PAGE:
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The discussion was moderated by Arab News New York correspondent Ephrem Kossaify, who has covered American elections since 2004, interviewing former presidents Bill Clinton and George H.W. Bush.
It was emceed by Ray Hanania, a veteran Chicago City Hall political writer who is Arab News’s US special correspondent and columnist.
“I don’t think anybody won,” Al-Aqidi said. “I don’t think this debate made any impact on undecided voters … It wasn’t a debate. It was boring at one point. So I don’t think there was a winner.”
David said the president was “bullying” during the debate. “Trump didn’t follow the rules of the presidential debate, and I think Biden somehow won because Trump was out of control,” David added.
Kossaify said: “We’ve never seen a debate like this one. It was more of a brawl than a debate. There was hope that somehow we’d rise above the chaos tonight, but I don’t think we really did. It was very chaotic throughout.”
Hanania noted that Biden called Trump many names, including “liar”, “clown” and “racist,” while the president spent much time interrupting Biden as he responded to questions, to the point where Wallace reprimanded Trump for violating the rules that were agreed upon by his campaign not to interrupt.
“But Biden did something no one expected. He didn’t stumble … They brought up he was too old to be president, and did he have the mental capacity. He proved he does,” Hanania said.
“Trump on the other hand, I don’t think he was mean as many people thought he’d be, other than using the term ‘Pocahontas’ one time in the beginning. He didn’t call anyone fat. He didn’t insult women. He didn’t insult Biden.”
All agreed that no clear, single issue stood out from either candidate. “It was the same thing back and forth, back and forth, back and forth,” David said.
“I was really disappointed in Wallace. He really came after the president several times, and Biden but more after Trump.”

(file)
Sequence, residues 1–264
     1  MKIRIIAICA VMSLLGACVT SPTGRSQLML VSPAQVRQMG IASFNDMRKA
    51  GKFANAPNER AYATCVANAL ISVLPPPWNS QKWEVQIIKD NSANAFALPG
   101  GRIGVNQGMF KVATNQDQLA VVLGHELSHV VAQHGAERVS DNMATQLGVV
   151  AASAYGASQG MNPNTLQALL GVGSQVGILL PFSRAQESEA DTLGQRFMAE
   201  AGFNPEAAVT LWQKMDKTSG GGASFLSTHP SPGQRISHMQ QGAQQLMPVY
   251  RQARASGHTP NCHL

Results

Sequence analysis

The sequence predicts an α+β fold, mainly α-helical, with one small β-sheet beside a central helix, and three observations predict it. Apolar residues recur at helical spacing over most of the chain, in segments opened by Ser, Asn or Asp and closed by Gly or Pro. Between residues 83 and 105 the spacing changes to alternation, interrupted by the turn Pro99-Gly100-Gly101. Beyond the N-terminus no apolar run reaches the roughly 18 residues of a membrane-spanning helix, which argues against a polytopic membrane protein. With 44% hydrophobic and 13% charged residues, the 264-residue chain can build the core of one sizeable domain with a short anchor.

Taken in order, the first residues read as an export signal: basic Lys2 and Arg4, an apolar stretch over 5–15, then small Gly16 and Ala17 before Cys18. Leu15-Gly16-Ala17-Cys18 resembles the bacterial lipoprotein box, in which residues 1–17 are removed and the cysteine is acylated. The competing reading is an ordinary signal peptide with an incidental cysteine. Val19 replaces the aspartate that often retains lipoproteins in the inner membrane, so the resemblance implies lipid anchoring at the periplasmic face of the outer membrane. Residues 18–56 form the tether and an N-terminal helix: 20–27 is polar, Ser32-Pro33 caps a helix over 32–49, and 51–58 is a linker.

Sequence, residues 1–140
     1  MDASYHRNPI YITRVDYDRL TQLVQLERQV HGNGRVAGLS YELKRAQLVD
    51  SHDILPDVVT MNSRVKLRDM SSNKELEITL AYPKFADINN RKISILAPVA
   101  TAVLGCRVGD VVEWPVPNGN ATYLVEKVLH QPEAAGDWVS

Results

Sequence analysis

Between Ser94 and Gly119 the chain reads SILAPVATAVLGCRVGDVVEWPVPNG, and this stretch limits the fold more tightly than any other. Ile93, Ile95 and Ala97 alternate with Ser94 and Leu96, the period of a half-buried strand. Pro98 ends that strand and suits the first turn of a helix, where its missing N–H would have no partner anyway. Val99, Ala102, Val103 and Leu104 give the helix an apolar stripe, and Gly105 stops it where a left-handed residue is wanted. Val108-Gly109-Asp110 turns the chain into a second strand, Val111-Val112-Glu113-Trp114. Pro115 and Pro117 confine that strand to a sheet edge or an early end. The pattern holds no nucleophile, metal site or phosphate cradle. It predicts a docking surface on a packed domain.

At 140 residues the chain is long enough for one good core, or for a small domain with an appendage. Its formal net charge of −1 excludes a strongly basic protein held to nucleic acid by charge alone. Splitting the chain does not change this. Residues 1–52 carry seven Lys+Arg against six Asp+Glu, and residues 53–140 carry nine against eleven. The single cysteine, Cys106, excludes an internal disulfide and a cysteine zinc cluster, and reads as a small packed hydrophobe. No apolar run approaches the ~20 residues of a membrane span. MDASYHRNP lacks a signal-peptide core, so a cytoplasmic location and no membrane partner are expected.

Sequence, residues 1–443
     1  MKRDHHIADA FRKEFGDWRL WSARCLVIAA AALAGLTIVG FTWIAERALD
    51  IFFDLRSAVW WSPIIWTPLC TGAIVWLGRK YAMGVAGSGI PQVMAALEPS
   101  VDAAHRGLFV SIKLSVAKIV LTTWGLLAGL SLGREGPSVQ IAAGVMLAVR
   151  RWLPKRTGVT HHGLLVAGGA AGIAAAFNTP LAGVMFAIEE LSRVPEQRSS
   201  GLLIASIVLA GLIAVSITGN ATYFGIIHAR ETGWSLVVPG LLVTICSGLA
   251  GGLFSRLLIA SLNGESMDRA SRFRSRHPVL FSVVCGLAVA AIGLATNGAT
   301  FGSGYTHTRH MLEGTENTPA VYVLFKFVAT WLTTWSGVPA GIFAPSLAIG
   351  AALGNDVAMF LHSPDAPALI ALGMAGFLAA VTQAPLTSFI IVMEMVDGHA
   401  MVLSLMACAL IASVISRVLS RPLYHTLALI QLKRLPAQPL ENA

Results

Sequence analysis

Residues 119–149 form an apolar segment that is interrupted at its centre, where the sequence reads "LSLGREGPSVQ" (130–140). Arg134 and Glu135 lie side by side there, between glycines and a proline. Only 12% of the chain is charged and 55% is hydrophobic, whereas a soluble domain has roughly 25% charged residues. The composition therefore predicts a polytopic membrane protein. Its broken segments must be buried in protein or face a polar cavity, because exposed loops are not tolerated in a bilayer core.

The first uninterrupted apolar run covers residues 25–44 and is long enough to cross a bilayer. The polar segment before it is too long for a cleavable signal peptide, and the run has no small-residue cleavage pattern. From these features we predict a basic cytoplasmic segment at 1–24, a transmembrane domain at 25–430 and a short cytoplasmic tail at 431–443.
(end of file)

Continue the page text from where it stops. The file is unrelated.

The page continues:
Panelists agreed that the president interrupted Biden frequently, earning reprimands from Wallace.
What was most memorable of the 90-minute debate? “Biden managed to stay on stage for 96 minutes. The bar is so low for Biden, it was an achievement for him to stay straight for 96 minutes,” Al-Aqidi said.
“I think the biggest failure was Wallace. We didn’t hear clear questions … and he didn’t let us hear the answers. There were very important issues that needed to be discussed, but he couldn’t get a clear answer from both.”
The debate was broken up into short two-minute statements from each candidate on a topic, followed by several minutes of open debate, but it appeared chaotic at times.
The first question was on the appointment of a Supreme Court justice to succeeded Ruth Bader Ginsburg, who died in September.
Other topics included the handling of the COVID-19 pandemic, the economy, what Wallace described as “race and violence in American cities,” and the integrity of the elections.
“Every issue discussed tonight is very crucial to what’s happening tonight — the Supreme Court nomination to fill the gap of the late Judge Ginsburg and what that would entail; in terms of health care that affects every American; abortion rights; women rights. Everything is in the balance,” said Kossaify.
David said: “This is the most important election in this country … 2020 has had so many issues, starting with COVID-19 and civil rights issues, and starting with impeachment at the beginning of the year … health care, the divisiveness — all of that and the Supreme Court, Roe vs Wade, all these big issues … We can’t afford to have a debate like this because our lives are on the line.”